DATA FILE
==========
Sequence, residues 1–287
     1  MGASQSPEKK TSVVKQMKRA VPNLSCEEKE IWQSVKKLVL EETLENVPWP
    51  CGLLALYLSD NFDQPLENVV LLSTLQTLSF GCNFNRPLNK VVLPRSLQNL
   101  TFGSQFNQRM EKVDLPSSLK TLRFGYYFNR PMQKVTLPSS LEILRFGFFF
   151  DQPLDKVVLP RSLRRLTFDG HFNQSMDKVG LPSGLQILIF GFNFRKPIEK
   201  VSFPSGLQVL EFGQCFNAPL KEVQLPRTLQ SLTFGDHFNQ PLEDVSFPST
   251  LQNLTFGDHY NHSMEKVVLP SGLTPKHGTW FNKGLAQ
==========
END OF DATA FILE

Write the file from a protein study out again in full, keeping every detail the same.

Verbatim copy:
Sequence, residues 1–287
     1  MGASQSPEKK TSVVKQMKRA VPNLSCEEKE IWQSVKKLVL EETLENVPWP
    51  CGLLALYLSD NFDQPLENVV LLSTLQTLSF GCNFNRPLNK VVLPRSLQNL
   101  TFGSQFNQRM EKVDLPSSLK TLRFGYYFNR PMQKVTLPSS LEILRFGFFF
   151  DQPLDKVVLP RSLRRLTFDG HFNQSMDKVG LPSGLQILIF GFNFRKPIEK
   201  VSFPSGLQVL EFGQCFNAPL KEVQLPRTLQ SLTFGDHFNQ PLEDVSFPST
   251  LQNLTFGDHY NHSMEKVVLP SGLTPKHGTW FNKGLAQ